Norske Skog

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Norske Skog AS
Traded asOSE: NSG
ISINNO0004135633 Edit this on Wikidata
IndustryPulp and paper
HeadquartersLysaker, Norway
Key people
Sven Ombudstvedt (President and CEO), Eivind Reiten (Chairman)
ProductsNewsprint and magazine paper
RevenueNOK 18.99 billion (2012)[1]
Increase (NOK 2.684 billion) (2012)[1]
Decrease (NOK 2.545 billion) (2012)[1]
Total assetsNOK 16.061 billion (end 2012)[1]
Total equityNOK 4.314 billion (end 2012)[1]
Number of employees
4000 (2012)[1]

Norske Skogindustrier ASA or Norske Skog, which translates as Norwegian Forest Industries, is a Norwegian pulp and paper company based in Halden, Norway and established in 1962. The corporation is the world's largest producer of newspaper (newsprint) and magazine paper, with 18 mills around the world.


Norske Skog started up in 1962 with the construction of a paper mill at Skogn in Norway, with the plant opening in 1966 and a second paper machine in 1967. Half the capital for the project was issued by the Norwegian Forest Owners Association. In 1972 Norske Skog started a cooperation with Follum Fabrikker in Hønefoss. By 1989 Norske Skog had acquired Follum Fabrikker and Union in Skien as well as Saugbrugsforeningen in Halden. With this Norske Skog controlled all the pulp and paper mills in Norway.

The first international acquisition came in 1992 when Norske Skog Golbey in Lorraine, France. Norske Skog later bought the entire plant in 1995. Norske Skog expanded with purchases in Austria in 1996 and the Czech Republic in 1997. In 1998 Norske skog purchased mills in Thailand and the Republic of Korea.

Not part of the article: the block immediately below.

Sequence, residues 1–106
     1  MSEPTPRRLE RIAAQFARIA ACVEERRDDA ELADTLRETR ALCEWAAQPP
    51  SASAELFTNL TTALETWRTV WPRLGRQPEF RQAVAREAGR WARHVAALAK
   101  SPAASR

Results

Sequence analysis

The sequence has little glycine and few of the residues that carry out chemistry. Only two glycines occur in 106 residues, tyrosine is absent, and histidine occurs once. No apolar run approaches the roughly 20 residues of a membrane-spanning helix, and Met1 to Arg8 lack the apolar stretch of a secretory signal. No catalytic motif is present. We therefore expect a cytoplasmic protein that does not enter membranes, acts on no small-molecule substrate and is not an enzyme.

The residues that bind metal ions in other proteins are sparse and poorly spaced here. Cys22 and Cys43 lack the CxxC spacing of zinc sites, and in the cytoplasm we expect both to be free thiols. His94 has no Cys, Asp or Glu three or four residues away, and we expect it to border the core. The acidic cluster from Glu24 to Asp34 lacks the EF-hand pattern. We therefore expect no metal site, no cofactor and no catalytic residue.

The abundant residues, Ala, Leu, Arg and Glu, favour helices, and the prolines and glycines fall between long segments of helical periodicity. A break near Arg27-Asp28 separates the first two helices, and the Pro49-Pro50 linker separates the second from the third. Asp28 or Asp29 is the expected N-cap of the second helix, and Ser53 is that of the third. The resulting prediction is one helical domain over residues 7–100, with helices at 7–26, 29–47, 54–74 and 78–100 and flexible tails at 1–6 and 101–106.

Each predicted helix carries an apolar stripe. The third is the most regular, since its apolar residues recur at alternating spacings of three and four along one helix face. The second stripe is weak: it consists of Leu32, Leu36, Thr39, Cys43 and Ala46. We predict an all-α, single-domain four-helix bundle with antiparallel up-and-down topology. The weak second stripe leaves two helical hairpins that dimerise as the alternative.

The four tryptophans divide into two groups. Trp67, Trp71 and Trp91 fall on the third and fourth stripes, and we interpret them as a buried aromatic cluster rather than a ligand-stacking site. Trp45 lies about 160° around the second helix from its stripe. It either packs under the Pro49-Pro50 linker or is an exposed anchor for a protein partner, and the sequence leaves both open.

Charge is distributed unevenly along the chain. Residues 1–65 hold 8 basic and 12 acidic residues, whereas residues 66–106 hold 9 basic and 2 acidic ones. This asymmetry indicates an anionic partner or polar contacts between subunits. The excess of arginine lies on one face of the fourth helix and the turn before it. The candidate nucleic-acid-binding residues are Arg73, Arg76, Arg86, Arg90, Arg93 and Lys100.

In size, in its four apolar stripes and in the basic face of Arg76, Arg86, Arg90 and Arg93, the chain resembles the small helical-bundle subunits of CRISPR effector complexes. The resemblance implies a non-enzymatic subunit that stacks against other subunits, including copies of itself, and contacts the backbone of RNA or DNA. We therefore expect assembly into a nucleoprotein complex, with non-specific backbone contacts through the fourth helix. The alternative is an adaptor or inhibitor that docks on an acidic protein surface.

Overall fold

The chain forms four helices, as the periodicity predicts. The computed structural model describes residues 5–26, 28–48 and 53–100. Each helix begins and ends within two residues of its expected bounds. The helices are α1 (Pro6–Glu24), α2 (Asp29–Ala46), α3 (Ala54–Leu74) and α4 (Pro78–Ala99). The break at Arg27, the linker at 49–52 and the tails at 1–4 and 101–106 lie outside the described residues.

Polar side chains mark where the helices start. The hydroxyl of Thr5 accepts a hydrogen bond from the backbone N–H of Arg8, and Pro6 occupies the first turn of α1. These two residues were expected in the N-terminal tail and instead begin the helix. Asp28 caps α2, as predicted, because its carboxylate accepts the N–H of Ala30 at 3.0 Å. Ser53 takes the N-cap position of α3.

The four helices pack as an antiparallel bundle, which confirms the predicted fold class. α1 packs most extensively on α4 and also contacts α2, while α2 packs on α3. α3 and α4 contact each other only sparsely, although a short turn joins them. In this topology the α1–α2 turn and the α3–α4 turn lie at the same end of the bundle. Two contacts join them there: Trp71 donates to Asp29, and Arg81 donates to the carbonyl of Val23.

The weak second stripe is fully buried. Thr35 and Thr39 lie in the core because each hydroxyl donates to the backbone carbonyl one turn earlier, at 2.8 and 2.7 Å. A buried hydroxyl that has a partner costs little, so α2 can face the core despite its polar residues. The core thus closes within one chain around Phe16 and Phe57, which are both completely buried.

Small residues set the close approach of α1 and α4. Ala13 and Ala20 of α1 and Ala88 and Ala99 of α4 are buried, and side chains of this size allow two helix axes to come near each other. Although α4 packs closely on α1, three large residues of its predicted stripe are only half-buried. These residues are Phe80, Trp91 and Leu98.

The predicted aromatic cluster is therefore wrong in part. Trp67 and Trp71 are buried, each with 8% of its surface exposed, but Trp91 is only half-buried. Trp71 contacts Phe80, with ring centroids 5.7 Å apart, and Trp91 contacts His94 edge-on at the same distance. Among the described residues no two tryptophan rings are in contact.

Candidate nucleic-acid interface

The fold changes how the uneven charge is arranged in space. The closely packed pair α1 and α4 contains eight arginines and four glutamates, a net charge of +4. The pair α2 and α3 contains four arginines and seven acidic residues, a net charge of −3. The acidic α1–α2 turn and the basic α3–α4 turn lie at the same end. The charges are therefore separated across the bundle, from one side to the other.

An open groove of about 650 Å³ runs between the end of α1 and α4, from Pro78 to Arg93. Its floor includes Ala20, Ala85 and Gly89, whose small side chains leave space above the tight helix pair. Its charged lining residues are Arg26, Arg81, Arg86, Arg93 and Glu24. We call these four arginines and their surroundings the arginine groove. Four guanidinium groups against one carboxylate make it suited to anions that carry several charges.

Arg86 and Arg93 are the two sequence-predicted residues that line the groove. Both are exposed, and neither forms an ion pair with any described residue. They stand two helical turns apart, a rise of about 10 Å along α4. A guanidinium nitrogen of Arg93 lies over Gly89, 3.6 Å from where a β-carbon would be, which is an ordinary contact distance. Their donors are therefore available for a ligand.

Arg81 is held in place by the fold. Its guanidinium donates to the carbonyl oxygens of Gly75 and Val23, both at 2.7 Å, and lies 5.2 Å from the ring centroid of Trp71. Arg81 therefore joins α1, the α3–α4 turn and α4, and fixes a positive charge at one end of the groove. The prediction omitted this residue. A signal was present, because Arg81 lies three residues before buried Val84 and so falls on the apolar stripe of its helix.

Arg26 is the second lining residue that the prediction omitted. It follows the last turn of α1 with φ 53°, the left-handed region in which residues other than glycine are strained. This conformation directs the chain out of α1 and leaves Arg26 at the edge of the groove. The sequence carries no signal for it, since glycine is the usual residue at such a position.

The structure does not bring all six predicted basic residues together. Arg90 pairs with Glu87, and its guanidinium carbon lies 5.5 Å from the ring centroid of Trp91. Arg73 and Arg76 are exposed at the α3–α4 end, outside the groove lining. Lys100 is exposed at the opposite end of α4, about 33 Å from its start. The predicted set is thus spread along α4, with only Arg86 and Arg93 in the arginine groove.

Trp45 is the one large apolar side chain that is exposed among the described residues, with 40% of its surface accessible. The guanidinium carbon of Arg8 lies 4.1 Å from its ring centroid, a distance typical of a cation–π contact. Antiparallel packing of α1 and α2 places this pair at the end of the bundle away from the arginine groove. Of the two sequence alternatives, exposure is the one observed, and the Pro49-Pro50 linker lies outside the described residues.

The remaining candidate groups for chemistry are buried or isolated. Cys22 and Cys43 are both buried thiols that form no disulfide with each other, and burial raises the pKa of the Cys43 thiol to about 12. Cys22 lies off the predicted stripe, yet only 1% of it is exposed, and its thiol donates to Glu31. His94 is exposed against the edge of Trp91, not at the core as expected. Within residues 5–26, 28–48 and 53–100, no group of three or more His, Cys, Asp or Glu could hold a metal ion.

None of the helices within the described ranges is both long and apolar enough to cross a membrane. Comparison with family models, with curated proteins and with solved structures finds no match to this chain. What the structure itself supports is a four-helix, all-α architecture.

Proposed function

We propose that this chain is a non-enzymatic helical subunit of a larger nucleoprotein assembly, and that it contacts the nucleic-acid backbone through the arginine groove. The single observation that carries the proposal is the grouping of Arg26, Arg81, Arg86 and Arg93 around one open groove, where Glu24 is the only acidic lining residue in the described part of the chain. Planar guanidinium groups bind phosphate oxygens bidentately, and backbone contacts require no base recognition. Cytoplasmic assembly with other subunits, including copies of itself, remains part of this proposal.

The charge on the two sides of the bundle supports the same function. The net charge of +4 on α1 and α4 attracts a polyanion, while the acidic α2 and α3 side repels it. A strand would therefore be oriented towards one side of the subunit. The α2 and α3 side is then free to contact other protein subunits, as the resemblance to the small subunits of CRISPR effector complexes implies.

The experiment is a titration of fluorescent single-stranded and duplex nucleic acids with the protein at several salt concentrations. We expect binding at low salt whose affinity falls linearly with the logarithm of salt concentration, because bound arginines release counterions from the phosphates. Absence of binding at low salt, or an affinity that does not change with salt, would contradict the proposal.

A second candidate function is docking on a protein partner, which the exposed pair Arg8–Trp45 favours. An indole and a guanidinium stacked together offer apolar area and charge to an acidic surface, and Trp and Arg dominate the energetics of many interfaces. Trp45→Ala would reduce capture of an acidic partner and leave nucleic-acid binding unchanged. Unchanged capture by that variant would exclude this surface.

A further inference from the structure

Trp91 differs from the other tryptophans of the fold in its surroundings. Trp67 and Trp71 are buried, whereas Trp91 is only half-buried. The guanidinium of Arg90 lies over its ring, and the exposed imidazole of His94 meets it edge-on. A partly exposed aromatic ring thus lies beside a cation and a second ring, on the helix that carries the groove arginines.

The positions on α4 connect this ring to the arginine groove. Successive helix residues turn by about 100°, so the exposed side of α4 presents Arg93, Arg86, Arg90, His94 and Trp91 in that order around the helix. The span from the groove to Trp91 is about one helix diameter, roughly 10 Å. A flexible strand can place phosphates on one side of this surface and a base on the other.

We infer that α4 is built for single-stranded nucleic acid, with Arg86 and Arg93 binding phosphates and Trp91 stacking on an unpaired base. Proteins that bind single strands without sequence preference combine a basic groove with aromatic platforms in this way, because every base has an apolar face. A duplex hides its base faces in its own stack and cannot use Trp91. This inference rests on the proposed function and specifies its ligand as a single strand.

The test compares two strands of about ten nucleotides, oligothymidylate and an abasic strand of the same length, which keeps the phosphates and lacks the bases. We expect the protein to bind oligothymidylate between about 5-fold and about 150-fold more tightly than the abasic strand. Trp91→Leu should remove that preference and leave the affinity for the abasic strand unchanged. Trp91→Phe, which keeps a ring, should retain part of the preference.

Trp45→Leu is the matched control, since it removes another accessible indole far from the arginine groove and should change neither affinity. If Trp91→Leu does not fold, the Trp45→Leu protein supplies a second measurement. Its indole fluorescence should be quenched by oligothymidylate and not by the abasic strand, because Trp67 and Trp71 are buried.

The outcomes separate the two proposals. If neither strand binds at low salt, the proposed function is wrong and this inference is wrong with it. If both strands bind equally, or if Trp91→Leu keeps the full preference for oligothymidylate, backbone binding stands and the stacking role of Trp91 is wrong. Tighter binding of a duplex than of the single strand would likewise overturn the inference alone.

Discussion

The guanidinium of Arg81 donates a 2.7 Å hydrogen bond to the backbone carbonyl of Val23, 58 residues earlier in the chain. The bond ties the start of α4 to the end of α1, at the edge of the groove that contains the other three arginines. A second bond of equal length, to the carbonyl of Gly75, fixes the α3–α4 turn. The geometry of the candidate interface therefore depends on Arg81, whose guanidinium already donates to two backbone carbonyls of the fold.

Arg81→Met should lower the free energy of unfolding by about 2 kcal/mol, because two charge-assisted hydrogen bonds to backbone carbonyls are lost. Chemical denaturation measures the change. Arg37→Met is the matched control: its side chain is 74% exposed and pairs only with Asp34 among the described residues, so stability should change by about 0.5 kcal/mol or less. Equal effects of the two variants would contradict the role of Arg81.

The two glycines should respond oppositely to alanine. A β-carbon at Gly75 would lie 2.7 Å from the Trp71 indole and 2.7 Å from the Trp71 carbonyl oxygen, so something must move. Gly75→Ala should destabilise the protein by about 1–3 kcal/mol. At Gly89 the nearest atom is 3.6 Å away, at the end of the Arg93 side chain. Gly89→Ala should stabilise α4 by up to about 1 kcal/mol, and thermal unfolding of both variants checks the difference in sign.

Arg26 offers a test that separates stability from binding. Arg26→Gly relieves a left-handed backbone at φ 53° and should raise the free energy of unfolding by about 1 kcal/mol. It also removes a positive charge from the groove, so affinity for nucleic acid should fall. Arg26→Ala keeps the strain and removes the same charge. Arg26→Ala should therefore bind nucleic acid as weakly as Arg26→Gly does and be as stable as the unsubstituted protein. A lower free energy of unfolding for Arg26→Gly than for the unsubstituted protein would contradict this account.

In 2000 Norske Skog bought the British Columbia based Fletcher Challenge Canada with nine mills and Pacifica Papers (formerly MacMillan Bloedel) and created NorskeCanada. It absorbed the Australian Newsprint Mills, a subsidiary of Fletcher Challenge at the same time. By 2006 Norske Skog had sold its shares in NorskeCanada and the company has changed its name to Catalyst Paper.

In September 2005 it acquired the Asian company PanAsia Paper, in turn making Norske Skog Asia's largest producer of newsprint and magazine paper.

The company has suffered from an oversupply in the paper industry and mounting debt. A number of factories have been closed or downsized. The closure of the Union paper mill in Skien in 2005 caused a massive outcry, including protests from a number of politicians.[2] Further closures include the closure of a factory in Steti in the Czech Republic,[3] the indefinite closure of a factory in South Korea, and the closure of one of the three paper machines at Follum.[4] From March 2007 to March 2008, the value of the Norske Skog stock plummeted from over 100 kr to below 18 kr[5] An editorial in Finansavisen could not rule out the possibility of bankruptcy.[6] In September 2008, Norske Skog Korea was bought by both Morgan Stanley Private Equity of Asia and Shinhan Private Equity.

Sven Ombudstvedt became CEO of Norske Skog in January 2010. Ombudstvedt was previously chief financial officer and a management board member of Yara International and strategy director of Norsk Hydro. Ombudstvedt succeeded Christian Rynning-Tønnesen.[7]

Norske Skogindustrier ASA went bankrupt and was taken off Oslo Stock Exchange in 2017[8] and continued operations as Norske Skog AS

List of mills[edit]

As of 2008

Former mills[edit]

This list may be incomplete


  1. ^ a b c d e f "Annual Results 2012". Norske Skog. Retrieved 9 July 2013.
  2. ^ Union scrapped by minimum margin Aftenposten, October 5, 2005
  3. ^ Her legger Norske Skog ned uten protester (in Norwegian)
  4. ^ Norske Skog stenger en maskin March 4, 2008
  5. ^ Lavest på 25 år ("Lowest in 25 years") (in Norwegian)
  6. ^ Hegnar: Ikke utenkelig at Norske Skog går konkurs ("Hegnar: Not unthinkable that Norske Skog will go bankrupt") March 14, 2008 (in Norwegian)
  7. ^ Press release[permanent dead link] Cision
  8. ^ Oslo Stock Exchange Missing or empty |title= (help)

External links[edit]

Coordinates: 59°53′50.25″N 10°36′18.97″E / 59.8972917°N 10.6052694°E / 59.8972917; 10.6052694